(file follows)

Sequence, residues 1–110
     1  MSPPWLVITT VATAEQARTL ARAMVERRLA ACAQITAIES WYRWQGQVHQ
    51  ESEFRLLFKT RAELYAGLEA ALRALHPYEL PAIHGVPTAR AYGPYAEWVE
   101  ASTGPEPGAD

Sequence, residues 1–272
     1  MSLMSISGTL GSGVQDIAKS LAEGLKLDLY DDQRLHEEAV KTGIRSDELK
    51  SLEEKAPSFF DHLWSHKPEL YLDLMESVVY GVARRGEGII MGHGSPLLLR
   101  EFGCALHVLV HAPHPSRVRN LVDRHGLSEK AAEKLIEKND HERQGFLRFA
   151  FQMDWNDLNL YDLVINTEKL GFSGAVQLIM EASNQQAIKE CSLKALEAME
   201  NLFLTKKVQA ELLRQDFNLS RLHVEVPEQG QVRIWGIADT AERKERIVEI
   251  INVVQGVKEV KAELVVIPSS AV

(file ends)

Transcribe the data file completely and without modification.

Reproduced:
Sequence, residues 1–110
     1  MSPPWLVITT VATAEQARTL ARAMVERRLA ACAQITAIES WYRWQGQVHQ
    51  ESEFRLLFKT RAELYAGLEA ALRALHPYEL PAIHGVPTAR AYGPYAEWVE
   101  ASTGPEPGAD

Sequence, residues 1–272
     1  MSLMSISGTL GSGVQDIAKS LAEGLKLDLY DDQRLHEEAV KTGIRSDELK
    51  SLEEKAPSFF DHLWSHKPEL YLDLMESVVY GVARRGEGII MGHGSPLLLR
   101  EFGCALHVLV HAPHPSRVRN LVDRHGLSEK AAEKLIEKND HERQGFLRFA
   151  FQMDWNDLNL YDLVINTEKL GFSGAVQLIM EASNQQAIKE CSLKALEAME
   201  NLFLTKKVQA ELLRQDFNLS RLHVEVPEQG QVRIWGIADT AERKERIVEI
   251  INVVQGVKEV KAELVVIPSS AV